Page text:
I think that Amir Efrati should recieve the Tom The Temp/John Bungsolaphagus Pulitzer Prize for “investigative” journalism in exposing the pyramid scheme or “scam” that is the so-called “profession” of the “law” (and I use the terms in quotes extremely loosely) as it applies to those who were not in the top 14 law schools or top 10% of their toilet law school classes.

Efrati’s article is the atomic bomb that sends ripples of radioactive truth throughout American society and in the short time that it has been out is spreading like wildfire. Hopefully the truth will spread to the average American who is not involved in the legal profession.

I think that Scott Bullock (a.k.a. Seton Hall grad “Law Is 4 Losers”) should be given 72 virgins for his career suicidal move in outing himself and contributing as a source for the WSJ article. Perhaps he should also be named the patron saint of all law toileteers who shall protect them from the evils that lurk every where in “lawland” waiting to destroy many, if not most of the attorneys admitted to the bar between 2001 and the present.

God bless Amir Efrati, God bless Scott Bullock and may God bless all of America’s legal toileteers!

Comment by The John Bungsolaphagus - September 24, 2007 at 3:58 pm

Now legal koolaid drinkers and naysayers alike....discuss...

God Bless!

Anonymous said...

The thing that people have to ralize in this profession is that grades do not make good lawyers. I dont know how many times I have to say this. Some of the worst lawyers are your pinhead Harvard grads....no soical skills whatsoever, and will never have any courtroom persuasion. Some of the best attorneys are your mid level low grade people....why...because they were busting their hump working 2 jobs to put themselves thorugh law school....those are the people with heart,.....the ones who want this job......the ones who don't have daddy's silver spoon stuck in their mouths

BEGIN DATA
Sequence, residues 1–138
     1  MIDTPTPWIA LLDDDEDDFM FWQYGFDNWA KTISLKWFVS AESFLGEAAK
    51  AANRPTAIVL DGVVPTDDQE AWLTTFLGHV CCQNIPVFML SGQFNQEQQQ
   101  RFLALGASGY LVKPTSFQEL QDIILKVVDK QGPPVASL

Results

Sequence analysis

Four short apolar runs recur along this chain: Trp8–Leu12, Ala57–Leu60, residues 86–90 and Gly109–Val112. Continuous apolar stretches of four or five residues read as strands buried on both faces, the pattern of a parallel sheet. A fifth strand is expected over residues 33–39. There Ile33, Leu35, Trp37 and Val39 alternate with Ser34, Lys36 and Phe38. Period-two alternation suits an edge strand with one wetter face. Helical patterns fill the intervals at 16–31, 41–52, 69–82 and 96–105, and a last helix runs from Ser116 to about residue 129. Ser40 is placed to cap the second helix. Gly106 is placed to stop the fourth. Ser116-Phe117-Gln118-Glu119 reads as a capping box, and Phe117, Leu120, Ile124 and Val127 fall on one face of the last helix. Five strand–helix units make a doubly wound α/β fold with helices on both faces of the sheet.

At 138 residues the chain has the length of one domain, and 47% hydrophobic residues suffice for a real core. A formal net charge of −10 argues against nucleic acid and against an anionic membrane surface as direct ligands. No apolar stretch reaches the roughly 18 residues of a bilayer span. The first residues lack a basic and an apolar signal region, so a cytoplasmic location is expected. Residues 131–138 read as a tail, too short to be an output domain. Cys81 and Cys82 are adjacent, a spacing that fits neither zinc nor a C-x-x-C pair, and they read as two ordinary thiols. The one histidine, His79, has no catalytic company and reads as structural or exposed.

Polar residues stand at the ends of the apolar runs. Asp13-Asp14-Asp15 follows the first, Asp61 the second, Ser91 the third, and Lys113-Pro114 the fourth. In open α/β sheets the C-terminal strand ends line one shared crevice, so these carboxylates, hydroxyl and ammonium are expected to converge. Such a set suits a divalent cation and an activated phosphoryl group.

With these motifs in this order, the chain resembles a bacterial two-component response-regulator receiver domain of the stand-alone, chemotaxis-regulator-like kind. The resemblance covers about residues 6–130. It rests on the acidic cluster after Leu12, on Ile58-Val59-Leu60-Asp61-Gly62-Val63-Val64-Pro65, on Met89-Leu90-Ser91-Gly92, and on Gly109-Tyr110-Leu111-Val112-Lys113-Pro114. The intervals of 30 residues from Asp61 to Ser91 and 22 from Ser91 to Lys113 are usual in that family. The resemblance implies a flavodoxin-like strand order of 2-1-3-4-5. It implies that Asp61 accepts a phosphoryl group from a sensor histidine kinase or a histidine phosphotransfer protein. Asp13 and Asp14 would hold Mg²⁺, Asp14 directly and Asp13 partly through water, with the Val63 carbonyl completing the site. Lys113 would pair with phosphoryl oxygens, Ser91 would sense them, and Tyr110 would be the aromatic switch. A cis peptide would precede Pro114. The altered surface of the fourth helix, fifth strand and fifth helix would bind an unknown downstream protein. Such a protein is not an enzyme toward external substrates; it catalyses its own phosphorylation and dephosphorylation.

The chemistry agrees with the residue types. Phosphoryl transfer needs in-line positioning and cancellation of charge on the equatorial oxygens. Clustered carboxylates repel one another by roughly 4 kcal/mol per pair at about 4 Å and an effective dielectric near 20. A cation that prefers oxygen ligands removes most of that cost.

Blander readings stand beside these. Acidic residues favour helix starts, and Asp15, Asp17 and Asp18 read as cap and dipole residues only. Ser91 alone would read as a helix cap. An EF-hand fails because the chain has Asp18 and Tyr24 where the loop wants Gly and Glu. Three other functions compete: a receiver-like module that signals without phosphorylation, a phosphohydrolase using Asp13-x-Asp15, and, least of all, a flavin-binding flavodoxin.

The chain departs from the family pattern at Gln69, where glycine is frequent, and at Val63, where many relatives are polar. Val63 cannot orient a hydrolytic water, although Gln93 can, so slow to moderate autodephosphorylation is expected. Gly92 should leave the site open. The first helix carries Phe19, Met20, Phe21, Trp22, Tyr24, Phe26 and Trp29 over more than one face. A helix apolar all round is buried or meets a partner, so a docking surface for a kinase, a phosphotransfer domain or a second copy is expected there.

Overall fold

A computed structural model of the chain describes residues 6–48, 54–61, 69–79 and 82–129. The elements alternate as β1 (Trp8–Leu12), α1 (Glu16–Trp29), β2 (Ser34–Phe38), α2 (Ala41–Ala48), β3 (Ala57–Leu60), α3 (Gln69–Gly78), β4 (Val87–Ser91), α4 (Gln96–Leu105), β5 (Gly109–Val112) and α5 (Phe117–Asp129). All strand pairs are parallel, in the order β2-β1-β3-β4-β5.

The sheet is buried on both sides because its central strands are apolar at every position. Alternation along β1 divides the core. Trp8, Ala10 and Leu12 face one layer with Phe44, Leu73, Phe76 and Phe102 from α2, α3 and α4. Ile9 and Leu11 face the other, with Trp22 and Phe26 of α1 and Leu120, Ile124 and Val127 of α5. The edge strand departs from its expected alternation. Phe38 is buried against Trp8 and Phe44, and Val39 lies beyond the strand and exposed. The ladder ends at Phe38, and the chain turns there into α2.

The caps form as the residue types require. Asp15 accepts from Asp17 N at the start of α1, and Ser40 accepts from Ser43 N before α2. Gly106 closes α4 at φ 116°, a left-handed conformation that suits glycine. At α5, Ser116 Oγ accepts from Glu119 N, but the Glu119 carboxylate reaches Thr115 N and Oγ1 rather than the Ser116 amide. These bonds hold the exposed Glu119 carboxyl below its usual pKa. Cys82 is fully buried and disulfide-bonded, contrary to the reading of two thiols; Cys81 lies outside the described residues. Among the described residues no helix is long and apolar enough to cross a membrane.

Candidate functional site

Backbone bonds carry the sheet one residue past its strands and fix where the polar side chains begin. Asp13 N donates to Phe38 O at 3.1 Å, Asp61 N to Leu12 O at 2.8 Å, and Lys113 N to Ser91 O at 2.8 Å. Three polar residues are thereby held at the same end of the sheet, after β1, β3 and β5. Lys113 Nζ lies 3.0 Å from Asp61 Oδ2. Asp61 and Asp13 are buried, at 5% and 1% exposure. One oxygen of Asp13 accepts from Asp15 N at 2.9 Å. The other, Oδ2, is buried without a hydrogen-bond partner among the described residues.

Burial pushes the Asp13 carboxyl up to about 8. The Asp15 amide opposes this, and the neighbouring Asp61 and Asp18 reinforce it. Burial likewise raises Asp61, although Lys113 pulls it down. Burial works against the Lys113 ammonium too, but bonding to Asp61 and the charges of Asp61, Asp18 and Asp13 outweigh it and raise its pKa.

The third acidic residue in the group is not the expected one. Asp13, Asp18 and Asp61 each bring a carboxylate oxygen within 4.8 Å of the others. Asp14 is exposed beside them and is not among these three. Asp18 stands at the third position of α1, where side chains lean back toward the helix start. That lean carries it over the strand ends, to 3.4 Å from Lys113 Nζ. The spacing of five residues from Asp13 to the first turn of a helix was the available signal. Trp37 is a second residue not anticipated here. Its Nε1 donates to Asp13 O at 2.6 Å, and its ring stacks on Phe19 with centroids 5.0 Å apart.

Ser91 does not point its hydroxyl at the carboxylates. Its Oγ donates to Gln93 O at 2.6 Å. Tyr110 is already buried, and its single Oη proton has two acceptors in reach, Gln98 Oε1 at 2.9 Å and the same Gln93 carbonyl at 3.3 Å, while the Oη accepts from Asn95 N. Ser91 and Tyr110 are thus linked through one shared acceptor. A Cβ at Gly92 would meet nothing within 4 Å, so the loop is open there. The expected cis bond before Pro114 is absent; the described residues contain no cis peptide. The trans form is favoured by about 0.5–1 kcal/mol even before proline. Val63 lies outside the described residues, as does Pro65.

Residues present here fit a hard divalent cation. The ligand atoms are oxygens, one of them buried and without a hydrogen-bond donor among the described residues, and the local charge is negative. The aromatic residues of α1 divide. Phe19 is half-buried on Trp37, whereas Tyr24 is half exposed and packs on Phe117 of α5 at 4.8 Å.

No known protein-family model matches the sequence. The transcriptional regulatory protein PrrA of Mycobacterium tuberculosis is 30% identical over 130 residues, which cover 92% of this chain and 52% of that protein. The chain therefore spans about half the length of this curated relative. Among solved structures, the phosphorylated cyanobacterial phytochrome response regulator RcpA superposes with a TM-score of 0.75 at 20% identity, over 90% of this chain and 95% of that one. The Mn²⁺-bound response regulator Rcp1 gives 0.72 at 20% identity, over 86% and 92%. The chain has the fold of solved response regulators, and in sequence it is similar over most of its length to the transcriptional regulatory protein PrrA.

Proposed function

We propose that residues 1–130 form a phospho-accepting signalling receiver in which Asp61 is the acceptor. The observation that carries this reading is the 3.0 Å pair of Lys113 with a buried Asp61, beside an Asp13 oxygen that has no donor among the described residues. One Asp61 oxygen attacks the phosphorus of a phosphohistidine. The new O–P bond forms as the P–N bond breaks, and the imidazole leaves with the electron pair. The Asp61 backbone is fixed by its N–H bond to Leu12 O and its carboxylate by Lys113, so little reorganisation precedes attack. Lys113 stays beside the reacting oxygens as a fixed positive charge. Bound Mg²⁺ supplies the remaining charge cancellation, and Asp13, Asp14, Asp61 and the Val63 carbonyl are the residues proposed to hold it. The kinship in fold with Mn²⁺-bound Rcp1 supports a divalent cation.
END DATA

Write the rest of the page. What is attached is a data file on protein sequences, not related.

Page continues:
Anonymous said...

"I have no sympathy for someone who complains about not getting a job who didn't put in the work. "

There are people who put in a lot of work and still don't get better than average grades. The curve at most law schools guarantees that some people will loose out, even if everyone performs fairly similarly on exams.

Anonymous said...

These schools are perpetuating fraud! The proof is right there in the on-line article. EVERYONE RIGHT AN E-MAIL TO YOUR STATE ATTORNEY GENERAL!

Anonymous said...

Well, now the word is finally out about the law school scam. I hope this dissuades people from racking up debt to attend toilet schools like Cooley and the rest. I personally know many T1 through T4 grads that are caught in the contract attorney treadmill and wish they had pursued a different career path, as the law has reached a dead end. These are all smart, motivated people, too.

What a waste of 3 years! Oh well, here's to hoping the next generation does not commit the same mistakes.

If no one applied to law school, paid tuition or sat through endless hours of mindless socratic method, then the schools would be force to shutter. Law schools need to wake up and begin serving their paying customers, the students.

Anonymous said...

Joan King is pathetic. Minimal? Half of my project is made up of BLS grads. Either that woman is so negligent that she doesn't know what her graduates are up to, or she is outright lying.

Anonymous said...

Yes, I think it is a serious national crime, fraud, rip off whatever you want to call it that this country produces way more lawyers than it needs. The sad matter is there is not enough information available to the public or people believe TV and ignore reality. There should be some "reality" shows about the legal reality.

Anonymous said...

Anyone in NJ who is jobless and wants to do something interesting should contact me. I own a real estate company that does short sales and other types of loss mitigation. You get to stick it to banks, the money is good (and, it's the banks who pay you!) and you can work your own hours.

It's not rocket science, as anyone with an IQ above 90 and three weeks to kill can get a NJ real estate license. However, it's fun in weird sort of "stick it to the man" way.

Chip Hughes, Hills & Valley Real Estate: (908) 334-2329 or chip.hughes@att.net